A life spent in service of better health for all South Africans has led to Jimmy Volmink’s unexpected position as Dean of the School of Medicine and Health Sciences at Stellenbosch University.
Professor Jimmy Volmink of Stellenbosch University will receive an honorary doctorate from KU Leuven, but what merits the honour? Consider that Professor Volmink is one of the foremost proponents of evidence- based medicine, and has argued passionately that people at all levels of society must make medical decisions based on good-quality evidence, not on any preconceived notions. So it is only appropriate that we put his own candidacy to the test, gathering our evidence from a life spent in medicine, social outreach, and education. Only then can we draw our conclusion based on an honest appraisal of that evidence. Professor Volmink would expect nothing less.
Professor Volmink’s rise has been long and remarkable, from his start as a family doctor in Khayelitsha township in Cape Town to his current position as dean of the medical school at Stellenbosch University. As a practicing doctor he helped to fight epidemics amongst the poorest and most at risk, particularly amongst those suffering from TB and HIV/AIDS. Professor Volmink’s influence is perhaps most strongly felt in the systematic improvement of medical access for disadvantaged students across all of South Africa. This holds especially true in his current role, where his status as first Black dean in the medical school’s history has helped him institute change on both a practical and symbolic level. In Professor Volmink’s own estimation, “My career has been defined by three Es: Education over ignorance. Evidence over dogma and myth. Equity over social injustice.” In all of these efforts, Professor Volmink has succeeded almost beyond measure.
This is strong evidence, a good indication that KU Leuven has found the right individual for the honour. But to be fair to the very concept of evidence- based medicine, we must thoroughly examine each of the arguments for his nomination in turn. Doing so will give us sufficient evidence to understand Professor Volmink’s work, to better understand the man himself, and to see the full extent of the long path that has seen him do so much good for so many in South Africa
My career has been defined by three Es: Education over ignorance. Evidence over dogma and myth. Equity over social injustice.
Evidence-based medicine (EBM) is an interesting specialty, in that in a perfect world it wouldn’t exist. All of our medicine would be based on strong, clear evidence grounded in unbiased clinical trials and best practices.
But we don’t live in that world. We live in a world of biases and blind spots. According to Professor Volmink, “EBM sounds rational, but it’s a dangerous idea to think that people base their ideas on the best evidence. Sometimes they do, sometimes they do not.” This is the fight Jimmy joined whilst a doctoral student at Oxford University, and it is a fight he brought to South Africa as the founding director of Cochrane South Africa, part of a network of Cochrane centres that spread the message of EBM around the world.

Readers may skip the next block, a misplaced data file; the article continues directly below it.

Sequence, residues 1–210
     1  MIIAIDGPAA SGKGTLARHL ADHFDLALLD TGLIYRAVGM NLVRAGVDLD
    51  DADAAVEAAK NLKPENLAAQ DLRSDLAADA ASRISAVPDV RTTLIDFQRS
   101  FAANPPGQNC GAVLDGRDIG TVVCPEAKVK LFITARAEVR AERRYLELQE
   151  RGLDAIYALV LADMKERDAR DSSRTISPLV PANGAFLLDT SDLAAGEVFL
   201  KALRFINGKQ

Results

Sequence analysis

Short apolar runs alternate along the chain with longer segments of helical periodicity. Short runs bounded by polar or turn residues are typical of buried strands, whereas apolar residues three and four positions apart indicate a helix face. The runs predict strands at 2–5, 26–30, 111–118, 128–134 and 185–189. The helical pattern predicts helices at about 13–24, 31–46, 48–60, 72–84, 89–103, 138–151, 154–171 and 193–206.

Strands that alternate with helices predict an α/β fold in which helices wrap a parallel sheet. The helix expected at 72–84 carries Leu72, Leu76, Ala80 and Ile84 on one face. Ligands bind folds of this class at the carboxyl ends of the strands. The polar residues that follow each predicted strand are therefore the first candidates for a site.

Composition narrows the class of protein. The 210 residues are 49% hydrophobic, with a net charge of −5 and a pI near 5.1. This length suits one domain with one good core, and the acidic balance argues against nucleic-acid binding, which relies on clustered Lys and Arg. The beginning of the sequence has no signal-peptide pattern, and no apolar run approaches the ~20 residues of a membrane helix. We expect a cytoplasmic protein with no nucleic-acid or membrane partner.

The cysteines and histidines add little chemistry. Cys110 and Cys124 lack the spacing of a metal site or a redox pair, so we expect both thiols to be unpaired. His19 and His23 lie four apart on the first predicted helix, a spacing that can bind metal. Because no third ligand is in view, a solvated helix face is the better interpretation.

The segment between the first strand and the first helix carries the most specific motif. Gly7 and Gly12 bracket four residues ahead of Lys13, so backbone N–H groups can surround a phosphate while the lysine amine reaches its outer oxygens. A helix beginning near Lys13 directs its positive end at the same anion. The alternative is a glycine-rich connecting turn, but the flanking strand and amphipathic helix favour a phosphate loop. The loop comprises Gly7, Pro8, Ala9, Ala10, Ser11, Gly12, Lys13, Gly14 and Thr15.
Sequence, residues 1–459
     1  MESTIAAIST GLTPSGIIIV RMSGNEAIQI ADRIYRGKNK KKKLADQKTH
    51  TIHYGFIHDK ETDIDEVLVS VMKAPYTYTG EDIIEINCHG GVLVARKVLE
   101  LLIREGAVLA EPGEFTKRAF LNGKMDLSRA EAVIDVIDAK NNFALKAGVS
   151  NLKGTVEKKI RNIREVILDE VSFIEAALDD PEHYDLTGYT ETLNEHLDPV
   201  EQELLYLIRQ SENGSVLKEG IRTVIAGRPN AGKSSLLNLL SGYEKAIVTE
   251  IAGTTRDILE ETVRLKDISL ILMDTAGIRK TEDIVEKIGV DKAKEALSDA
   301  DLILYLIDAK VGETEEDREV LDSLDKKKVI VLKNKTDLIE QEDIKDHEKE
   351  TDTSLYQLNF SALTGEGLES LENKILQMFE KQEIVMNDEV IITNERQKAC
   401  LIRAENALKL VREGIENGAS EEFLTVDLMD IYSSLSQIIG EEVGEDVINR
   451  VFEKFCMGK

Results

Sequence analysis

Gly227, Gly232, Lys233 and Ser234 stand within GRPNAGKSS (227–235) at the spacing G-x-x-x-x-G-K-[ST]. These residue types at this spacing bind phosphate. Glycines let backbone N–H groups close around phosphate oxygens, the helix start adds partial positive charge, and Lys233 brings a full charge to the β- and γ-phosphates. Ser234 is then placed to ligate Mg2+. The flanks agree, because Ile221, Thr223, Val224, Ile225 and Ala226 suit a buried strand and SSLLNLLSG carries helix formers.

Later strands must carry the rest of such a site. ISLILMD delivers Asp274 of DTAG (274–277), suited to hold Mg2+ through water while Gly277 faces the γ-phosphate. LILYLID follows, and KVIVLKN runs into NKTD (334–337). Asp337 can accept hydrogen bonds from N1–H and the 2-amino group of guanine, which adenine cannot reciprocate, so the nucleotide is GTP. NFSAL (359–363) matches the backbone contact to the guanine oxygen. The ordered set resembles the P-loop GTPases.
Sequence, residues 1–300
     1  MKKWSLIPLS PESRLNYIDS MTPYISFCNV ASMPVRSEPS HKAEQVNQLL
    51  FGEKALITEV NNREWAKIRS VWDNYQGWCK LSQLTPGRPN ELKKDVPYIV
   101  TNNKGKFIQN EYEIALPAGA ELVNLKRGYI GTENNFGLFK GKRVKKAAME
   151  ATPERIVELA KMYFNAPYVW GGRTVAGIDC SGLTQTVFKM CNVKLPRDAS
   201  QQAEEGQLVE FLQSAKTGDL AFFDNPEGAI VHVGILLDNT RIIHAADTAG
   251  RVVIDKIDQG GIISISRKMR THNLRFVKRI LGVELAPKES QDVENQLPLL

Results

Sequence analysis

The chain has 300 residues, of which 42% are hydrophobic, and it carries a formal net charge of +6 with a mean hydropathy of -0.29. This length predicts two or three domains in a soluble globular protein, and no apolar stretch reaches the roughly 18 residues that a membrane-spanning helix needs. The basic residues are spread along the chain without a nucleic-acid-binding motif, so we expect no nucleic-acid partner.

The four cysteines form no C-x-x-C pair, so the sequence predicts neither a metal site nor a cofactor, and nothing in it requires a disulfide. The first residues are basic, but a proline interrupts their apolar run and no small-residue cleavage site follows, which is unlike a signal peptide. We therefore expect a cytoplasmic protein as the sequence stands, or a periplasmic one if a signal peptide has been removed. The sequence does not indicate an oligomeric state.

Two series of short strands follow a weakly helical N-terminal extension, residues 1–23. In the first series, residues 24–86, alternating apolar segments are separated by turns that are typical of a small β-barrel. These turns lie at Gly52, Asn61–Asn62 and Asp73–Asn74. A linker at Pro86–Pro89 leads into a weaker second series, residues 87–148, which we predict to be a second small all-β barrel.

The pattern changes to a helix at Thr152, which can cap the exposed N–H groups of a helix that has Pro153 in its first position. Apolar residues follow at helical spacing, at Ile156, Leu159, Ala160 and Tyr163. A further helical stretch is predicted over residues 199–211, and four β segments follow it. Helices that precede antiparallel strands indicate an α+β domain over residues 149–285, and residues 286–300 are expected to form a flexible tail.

EBM faces many obstacles to its acceptance. Part of the problem is that money influences politics, and politics influences medical outcomes: “The first big challenge that we had was fighting our own government, which was promoting unproven treatments for people with HIV/AIDS. They came to us and the minister said, ‘We want you to look at the evidence and show us that these drugs are toxic and they cause more harm than good.’ We said we couldn’t do that, but we would look at the evidence carefully and we’ll give you whatever the answer is, whether it’s what you want to hear or not.” In the end, Cochrane refuted the government’s position; a win for EBM, but politically risky for the nascent Cochrane South Africa. As Professor Volmink notes, “When policy makers want to go in a particular direction, they are very quick to embrace evidence in support of that direction, but if the evidence goes the other way, they will find reasons why that evidence cannot be believed.”
Evidence-based medicine sounds rational, but it’s a dangerous idea to think that people base their ideas on the best evidence. Sometimes they do, sometimes they do not.
There are many other drivers of biased medicine besides politics, including myth, folk wisdom and ideology. The dictates of traditional medicine in South Africa can be difficult to overturn should those treatments prove ineffective or harmful, a difficulty seen throughout the HIV/AIDS crisis. Influences on a scale as small as personal hubris can also be involved, such as when laboratory scientists extrapolate that successful tests in lab animals will work in humans without undertaking the rigorous clinical trials necessary to prove their efficacy.